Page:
Henry Tsang will talk about his experience developing the 360 Riot Walk, an interactive walking tour of the 1907 Anti-Asian Riots. The 360 video traces the history and route of the mob that attacked the Chinese Canadian and Japanese Canadian communities following the demonstration and parade organized by the Asiatic Exclusion League in Vancouver.
The 1907 Anti-Asian Riots in Vancouver is one of the most significant events in this city’s history. 360 Riot Walk leads participants into the social and political environment of the time where many communities were targeted through legislated as well as physical acts of exclusion and violence. The soundtrack is available in four languages of the local residents of the period: English, Cantonese, Japanese and Punjabi. The video can be experienced on location for those who have mobile devices with cellular data, or remotely on a web browser.
Henry Tsang is an artist and occasional curator whose projects explore the spatial politics of history, language, community, food and cultural translation in relationship to place. Questions of community and identity are raised through the tracing of global flows of people, culture and capital. His artworks take the form of gallery exhibitions, pop-up street food offerings, 360 video walking tours, curated dinners, ephemeral and permanent public art, through video, photography, language, interactive media, food and convivial events. Projects include: Tansy Point, a video installation of the site of the 1851 treaty signings by the Chinook peoples and the US government that were never ratified; 360 Riot Walk, a 360 video walking tour of the 1907 Anti-Asian Riots in Vancouver, Canada; RIOT FOOD HERE, a public offering of food reflecting on the 1907 Anti-Asian Riots; Maraya, a collaboration with Glen Lowry and M. Simon Levin that investigates the reappearance of Vancouver’s False Creek in Dubai as the Dubai Marina; video installations Orange County, and Olympus, shot in California, Beijing, Torino and Vancouver, that explore overlapping urban and socio-political spaces; and Welcome to the Land of Light, a public artwork along Vancouver's seawall that underscores the 19th Century trade language Chinook Jargon and the English that replaced it. Henry is an Associate Professor at Emily Carr University of Art & Design in Vancouver, Canada.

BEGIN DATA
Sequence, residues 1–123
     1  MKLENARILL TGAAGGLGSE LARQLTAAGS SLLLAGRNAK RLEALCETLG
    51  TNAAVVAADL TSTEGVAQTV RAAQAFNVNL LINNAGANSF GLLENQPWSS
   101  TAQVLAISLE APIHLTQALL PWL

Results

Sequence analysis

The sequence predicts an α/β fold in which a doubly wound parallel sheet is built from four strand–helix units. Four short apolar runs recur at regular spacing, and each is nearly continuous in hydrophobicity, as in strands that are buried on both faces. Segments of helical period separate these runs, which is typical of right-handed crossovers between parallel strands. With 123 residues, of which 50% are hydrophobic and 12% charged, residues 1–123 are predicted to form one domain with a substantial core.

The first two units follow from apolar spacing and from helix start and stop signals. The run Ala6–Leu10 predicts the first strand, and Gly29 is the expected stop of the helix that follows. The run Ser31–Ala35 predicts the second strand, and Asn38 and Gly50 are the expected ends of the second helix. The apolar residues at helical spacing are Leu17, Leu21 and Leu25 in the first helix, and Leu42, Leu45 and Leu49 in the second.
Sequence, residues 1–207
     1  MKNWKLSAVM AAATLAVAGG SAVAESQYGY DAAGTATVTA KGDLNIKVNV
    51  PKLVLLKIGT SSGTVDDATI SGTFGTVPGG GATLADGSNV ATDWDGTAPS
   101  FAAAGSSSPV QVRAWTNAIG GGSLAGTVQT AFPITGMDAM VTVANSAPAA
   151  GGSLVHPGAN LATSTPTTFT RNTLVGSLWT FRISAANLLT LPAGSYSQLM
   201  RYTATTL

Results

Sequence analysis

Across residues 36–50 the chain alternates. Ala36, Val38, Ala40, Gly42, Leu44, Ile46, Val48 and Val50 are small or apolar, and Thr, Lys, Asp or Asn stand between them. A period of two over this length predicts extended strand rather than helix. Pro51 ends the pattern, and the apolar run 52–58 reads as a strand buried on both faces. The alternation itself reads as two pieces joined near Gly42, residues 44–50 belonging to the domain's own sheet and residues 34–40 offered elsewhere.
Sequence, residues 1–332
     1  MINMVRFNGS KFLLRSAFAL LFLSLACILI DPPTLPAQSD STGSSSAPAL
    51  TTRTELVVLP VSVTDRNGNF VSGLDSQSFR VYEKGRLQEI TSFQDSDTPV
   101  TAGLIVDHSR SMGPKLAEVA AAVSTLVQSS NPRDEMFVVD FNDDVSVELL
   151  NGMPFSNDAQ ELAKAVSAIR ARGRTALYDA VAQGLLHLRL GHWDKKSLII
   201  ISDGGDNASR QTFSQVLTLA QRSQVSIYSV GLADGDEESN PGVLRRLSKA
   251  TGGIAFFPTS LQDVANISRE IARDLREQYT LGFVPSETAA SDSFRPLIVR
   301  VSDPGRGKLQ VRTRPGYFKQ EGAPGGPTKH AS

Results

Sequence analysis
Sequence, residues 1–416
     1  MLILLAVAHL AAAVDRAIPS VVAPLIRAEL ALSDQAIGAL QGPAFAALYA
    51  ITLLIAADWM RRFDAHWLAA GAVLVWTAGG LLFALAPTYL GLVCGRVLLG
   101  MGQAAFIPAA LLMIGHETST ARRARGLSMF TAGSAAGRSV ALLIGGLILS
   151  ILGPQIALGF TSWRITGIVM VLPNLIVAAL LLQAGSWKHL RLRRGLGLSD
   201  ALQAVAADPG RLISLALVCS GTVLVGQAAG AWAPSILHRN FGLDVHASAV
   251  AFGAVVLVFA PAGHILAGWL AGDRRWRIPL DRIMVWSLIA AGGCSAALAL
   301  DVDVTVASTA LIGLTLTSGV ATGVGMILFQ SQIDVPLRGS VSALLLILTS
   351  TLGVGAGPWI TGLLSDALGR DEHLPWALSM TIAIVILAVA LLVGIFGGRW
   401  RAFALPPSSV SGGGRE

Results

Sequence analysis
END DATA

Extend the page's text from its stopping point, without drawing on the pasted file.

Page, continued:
Pender and Carrall Street